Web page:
What if I told you that a movie about a recovering heroin addict is one of the year’s most life-affirming films? But that’s the unlikely case with Oslo, August 31st, the riveting, present-tense Norwegian drama screening this weekend at the Bill Cosford Cinema and the Miami Beach Cinematheque.
The sophomore feature by director/coscreenwriter Joachim Trier, one of the most memorable selections at this year’s Miami International Film Festival, can’t be bothered to wallow in misery and self-pity like so many other junkie tales. It’s got a very specific agenda: to examine the emotional toll of substance abuse, not as a societal ill, but as a fragile state of being. “It’s not about heroin, not really,” Trier’s deeply conflicted protagonist insists at the beginning of the film, and he is correct. This is a portrait of dependency from the inside out, not the other way around. It’s a goal the film accomplishes with such non-judgmental immediacy and bracing lack of compromise that other forays into coping with drug addiction feel hopelessly pedestrian by comparison.
Anders (the astounding Anders Danielsen Lie), whip-smart and reasonably good looking, appears to have a promising future ahead of him. The 34-year-old journalist has been clean and sober for ten months now. He was even able to line up a job interview two weeks shy of the end of his rehab stint. This gangly fellow with the close-cropped hair is also a suicidal wreck. There he is at the beginning of the film’s 24-hour span, stuffing rocks down his pockets and wading into a river like Virginia Wolff in The Hours.
The facility’s administrator, blissfully unaware of that morning’s little stunt, sees no reason why Anders should miss his appointment with a magazine editor, so he grants his patient a day’s leave. It’s not like he’s fallen off the wagon. What could possibly go wrong? Off he goes to the film’s titular city, and the familiar landmarks that greet his arrival echo Oslo’s opening sequence, in which home videos and archival footage accompany voiceover accounts of participants at a rehab session. This mosaic of anecdotes is Trier’s way of introducing us to the role that the past plays in Anders’ story.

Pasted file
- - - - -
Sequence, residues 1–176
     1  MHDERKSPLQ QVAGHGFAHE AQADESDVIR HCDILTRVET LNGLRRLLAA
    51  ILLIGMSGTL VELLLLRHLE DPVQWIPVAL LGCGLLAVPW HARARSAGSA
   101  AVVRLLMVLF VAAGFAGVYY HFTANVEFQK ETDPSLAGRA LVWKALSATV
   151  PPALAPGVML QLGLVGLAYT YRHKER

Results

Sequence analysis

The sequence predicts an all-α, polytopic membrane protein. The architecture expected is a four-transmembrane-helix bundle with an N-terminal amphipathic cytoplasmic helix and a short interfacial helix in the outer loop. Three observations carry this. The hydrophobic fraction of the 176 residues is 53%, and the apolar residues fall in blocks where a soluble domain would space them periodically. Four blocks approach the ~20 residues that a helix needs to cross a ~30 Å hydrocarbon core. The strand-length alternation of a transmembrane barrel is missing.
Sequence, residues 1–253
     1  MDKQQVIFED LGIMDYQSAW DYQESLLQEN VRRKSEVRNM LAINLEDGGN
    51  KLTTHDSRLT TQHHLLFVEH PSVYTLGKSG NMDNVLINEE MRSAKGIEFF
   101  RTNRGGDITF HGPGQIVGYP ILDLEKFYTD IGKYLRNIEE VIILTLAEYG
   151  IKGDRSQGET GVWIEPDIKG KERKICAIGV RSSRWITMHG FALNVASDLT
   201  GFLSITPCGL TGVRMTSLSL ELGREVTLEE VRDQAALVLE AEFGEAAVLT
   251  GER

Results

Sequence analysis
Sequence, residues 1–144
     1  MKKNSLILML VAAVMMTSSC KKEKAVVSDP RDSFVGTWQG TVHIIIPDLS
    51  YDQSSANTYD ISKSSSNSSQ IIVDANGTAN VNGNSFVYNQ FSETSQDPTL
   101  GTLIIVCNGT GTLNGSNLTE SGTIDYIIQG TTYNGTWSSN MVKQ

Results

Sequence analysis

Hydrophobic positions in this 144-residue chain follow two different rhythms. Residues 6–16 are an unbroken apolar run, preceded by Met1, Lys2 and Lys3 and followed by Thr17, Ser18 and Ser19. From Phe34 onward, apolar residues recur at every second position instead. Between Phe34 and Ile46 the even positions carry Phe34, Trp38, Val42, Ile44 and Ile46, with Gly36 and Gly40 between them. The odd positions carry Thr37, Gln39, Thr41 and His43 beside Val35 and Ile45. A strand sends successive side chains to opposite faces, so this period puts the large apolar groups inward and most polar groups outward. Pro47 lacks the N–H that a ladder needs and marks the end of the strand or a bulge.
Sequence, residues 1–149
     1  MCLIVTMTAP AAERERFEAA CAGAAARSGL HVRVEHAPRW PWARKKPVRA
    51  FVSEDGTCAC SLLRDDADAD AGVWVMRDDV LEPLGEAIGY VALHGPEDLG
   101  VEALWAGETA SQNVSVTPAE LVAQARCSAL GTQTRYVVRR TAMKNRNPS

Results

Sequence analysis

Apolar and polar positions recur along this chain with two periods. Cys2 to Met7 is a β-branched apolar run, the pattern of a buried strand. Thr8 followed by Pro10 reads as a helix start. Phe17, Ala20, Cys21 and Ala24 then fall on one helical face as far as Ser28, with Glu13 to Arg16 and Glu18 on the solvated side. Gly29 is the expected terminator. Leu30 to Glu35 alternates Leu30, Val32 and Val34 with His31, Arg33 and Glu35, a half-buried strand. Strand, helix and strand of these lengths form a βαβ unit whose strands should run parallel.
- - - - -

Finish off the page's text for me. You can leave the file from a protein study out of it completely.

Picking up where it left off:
Even though the actual job interview is a pivotal scene, Trier appears to be more interested in Anders’ interaction with the people in his life whom he seeks out over the course of the day. He might have been gone less than a year, but it feels like an eternity has passed. His old college buddy Thomas (Michael Shannon lookalike Hans Olav Brenner) seems to have settled into a stable but somewhat stifling family-man routine. The two intellectuals’ meandering banter, which they begin in Thomas’ kitchen and continue through an extended walk in the park, feels lived-in and authentic. Resentments bubble to the surface, and Anders bristles at Thomas’ attempts to put a positive spin on his outlook. Optimism is shot down at nearly every turn by Anders’ self-loathing and low self-esteem. The friends’ fairly brief but potent encounter never strikes a false note. It could have made a fantastic short film about former classmates taking wildly divergent life journeys.
The most captivating sequence in the daytime portion of Oslo, August 31st occurs at a crowded café. Anders desires peace and quiet but can’t help eavesdropping on the banal conversations surrounding him. Two young women sitting nearby are looking at a laptop, and one of them recites the contents of her bucket list. We sense Anders’ inner struggle as he takes in this litany of frivolity, and suddenly we’re seeing the world through his eyes. What’s to become of this outsider whose sister is so estranged that she sends her on again/off again girlfriend to meet him for lunch?
As he did in his debut feature Reprise, Trier displays an innate understanding of what makes young intellectuals tick. Unlike the filmmaker’s previous effort, which relied heavily on his virtuoso mastery of technique, Trier dials down the stylistic calisthenics and follows his leading man with an unobtrusive mixture of handheld camerawork and more fluid tracking shots. Working with screenwriting partner Eskil Vogt, Trier has loosely based Oslo in French author Pierre Drieu La Rochelle’s 1931 novel Le feu follet (The Fire Within), which director Louis Malle (Jules and Jim) adapted in 1963. Trier’s approach is both timeless and refreshingly modern. It suggests The Lost Weekend as reimagined by Richard Linklater in Before Sunrise mode.
“I’m a spoiled brat who fucked up,” Anders laments. Throughout this gripping junkie travelogue, Trier demonstrates that this unstable would-be 12 stepper is a lot more than this disparaging generalization. Night eventually falls in Oslo, and it puts Anders to the ultimate test of his willpower and resolve. The film is a tour de force for its director, but he ultimately places the bulk of the narrative on Danielsen Lie’s lanky shoulders. The actor comes through with a nuanced portrayal that vacillates between ambivalence and certitude, quite frequently in the same scene.
Performances in low profile indie releases, even as accomplished as Oslo, August 31st, are often overlooked during year-end honors. Don’t let this star turn slip through the cracks. The same goes for the exceptional film surrounding it. Bleak subject matter, you say? There’s no denying that Oslo takes viewers to some very dark places, but the insights it yields and the understated poetry of its images prevent the movie from indulging in facile pessimism. It’s too astute to take the easy way out.